Inflation Returns to the Conversation

During the month of May, core inflation did something it hadn’t done in six years — it reached 2%. This percentage has become an important barometer for the market because the Federal Reserve (the Fed) has targeted 2% as an optimal level of inflation for the U.S. economy. 

As inflation meets and has the potential to exceed this important level, investors should take note. It has been said, “One cannot spend investment returns, only dollars.” Given benign inflation over the last two decades, this is a phrase likely lost on many investors. However, investors that experienced the 1970s and early 1980s recall inflation’s impact all too well. The performance of your portfolio only matters in the context of how prices in the world changed during that time. If a portfolio grows by 3%, but inflation also increases by 3%, an investor has made zero real returns and is in the same position as they started from a spending standpoint.

The chart below shows the Fed’s preferred inflation gauge (Core PCE) dating back to 1960. 

Knowledge college 2018 Inflation Over Time.JPG

Recent experience with inflation has left investors believing it is not a threat or, if it is, that they will address it when it finally comes to pass. Investors’ attempts to “time” inflation has historically produced disappointing results. One of the biggest hurdles with inflation is that it is seemingly impossible to predict when it will occur. Plenty of professional forecasters have tried, with a track record worse than flipping a coin. Since 1981, these professionals have only been able to correctly predict the direction of inflation 44% of the time, based on data we collected from the Federal Reserve Bank of Philadelphia. Given this track record, investors attempting to time inflation will more likely than not produce unwelcome results.

The inflation phenomenon is not only hard to predict but also plays a material role in asset class returns. Portfolio staples such as stocks and bonds tend to underperform during inflationary periods. So, not only are real returns harder to come by, these traditional asset classes have historically underperformed when inflation materializes.

The chart below illustrates this with the returns of stocks, bonds and real assets during three distinct periods of inflation – rising, stable, or falling. Real assets tend to perform better during inflationary periods rather than when inflation is stable or falling.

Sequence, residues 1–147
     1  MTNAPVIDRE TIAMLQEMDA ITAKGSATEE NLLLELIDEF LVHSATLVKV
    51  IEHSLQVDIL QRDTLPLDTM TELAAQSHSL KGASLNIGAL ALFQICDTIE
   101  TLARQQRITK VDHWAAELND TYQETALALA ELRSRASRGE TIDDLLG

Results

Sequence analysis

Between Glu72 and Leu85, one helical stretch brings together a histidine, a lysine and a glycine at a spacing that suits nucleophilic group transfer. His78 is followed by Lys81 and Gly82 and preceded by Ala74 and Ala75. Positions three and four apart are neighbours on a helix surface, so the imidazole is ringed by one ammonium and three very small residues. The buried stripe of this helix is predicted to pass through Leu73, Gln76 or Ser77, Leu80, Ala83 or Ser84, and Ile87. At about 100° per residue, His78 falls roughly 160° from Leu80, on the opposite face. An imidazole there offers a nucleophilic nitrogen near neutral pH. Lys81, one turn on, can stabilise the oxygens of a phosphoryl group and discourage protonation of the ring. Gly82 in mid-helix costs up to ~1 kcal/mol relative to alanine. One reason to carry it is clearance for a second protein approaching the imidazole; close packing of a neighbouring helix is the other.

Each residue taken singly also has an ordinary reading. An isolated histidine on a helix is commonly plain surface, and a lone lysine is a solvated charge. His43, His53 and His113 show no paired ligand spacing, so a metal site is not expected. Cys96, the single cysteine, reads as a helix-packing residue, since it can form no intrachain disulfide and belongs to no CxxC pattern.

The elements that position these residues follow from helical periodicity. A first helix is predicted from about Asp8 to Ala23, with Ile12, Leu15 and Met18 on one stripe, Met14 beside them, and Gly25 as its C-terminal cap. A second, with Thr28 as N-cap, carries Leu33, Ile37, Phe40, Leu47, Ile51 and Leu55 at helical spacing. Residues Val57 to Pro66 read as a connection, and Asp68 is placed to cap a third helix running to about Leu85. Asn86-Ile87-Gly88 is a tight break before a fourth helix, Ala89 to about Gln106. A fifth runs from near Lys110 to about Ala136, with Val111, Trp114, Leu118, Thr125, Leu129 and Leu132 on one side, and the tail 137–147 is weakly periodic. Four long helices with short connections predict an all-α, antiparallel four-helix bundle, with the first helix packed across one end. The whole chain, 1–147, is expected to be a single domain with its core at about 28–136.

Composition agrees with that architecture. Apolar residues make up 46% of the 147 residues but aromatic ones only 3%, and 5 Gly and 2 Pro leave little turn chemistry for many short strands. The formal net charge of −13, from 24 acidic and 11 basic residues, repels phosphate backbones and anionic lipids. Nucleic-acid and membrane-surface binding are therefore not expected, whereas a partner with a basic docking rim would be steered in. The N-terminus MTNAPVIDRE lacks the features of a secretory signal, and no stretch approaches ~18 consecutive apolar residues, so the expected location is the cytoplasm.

Annual return data since 1978. Bonds are represented by The Bloomberg Barclays Aggregate Bond Index, Stocks by the S&P 500 and Real Assets by a 50/50 blend of the Bloomberg Commodity Index and FTSE NAREIT Equity REITs index, rebalanced annually until 1996. From 1996 to 2017 this is represented by equivalent allocations to the Bloomberg Commodity Index, the FTSE NAREIT Equity REITs index, and the Alerian MLP Index, rebalanced annually.

Annual return data since 1978. Bonds are represented by The Bloomberg Barclays Aggregate Bond Index, Stocks by the S&P 500 and Real Assets by a 50/50 blend of the Bloomberg Commodity Index and FTSE NAREIT Equity REITs index, rebalanced annually until 1996. From 1996 to 2017 this is represented by equivalent allocations to the Bloomberg Commodity Index, the FTSE NAREIT Equity REITs index, and the Alerian MLP Index, rebalanced annually.

The tangible nature of real assets is one of the characteristics that allow them to act as an inflation pass-through for investors. Rather than deriving their value from a stream of cash flows and a residual claim on a balance sheet, real assets can act as a physical store of value. For example, a lease in real estate is able to adjust to inflationary pressures through rent increases or through the ability to lease at market rates to new tenants. 

Additionally, if the materials used to build a structure cost more, the building inherently costs more to replace and can thus achieve a higher valuation. In similar fashion, pipelines that carry oil or natural gas have contracts that often increase as inflation increases. These qualities create the foundation of an asset class that often performs better during periods of rising inflation and which can help portfolios weather these environments.

As inflation begins to make its presence known for the first time in many years, we believe it is important to consider real assets as an integral part of a prudently diversified portfolio. While we have no anticipation that inflation will run rampant, we have also noted it is a difficult phenomenon to predict. Reacting to inflation’s arrival after the fact does very little to protect portfolios. Strategic utilization of real assets may help reduce the impact of rising inflation, while also increasing the probability of successful long-term outcomes through thoughtful diversification relative to portfolios otherwise reliant on a mix of only stocks and bonds.

If you have questions about this article or your portfolio, please contact any of our advisors at Fi3. 

While this article addresses generally held investment philosophies of Fi3 Advisors, it does not represent a specific investment recommendation for any individual client or prospective client. Please consult with your advisor, attorney and accountant, as appropriate, regarding specific advice. Information has been obtained from a variety of sources believed to be reliable but not independently verified. Past performance does not indicate future performance.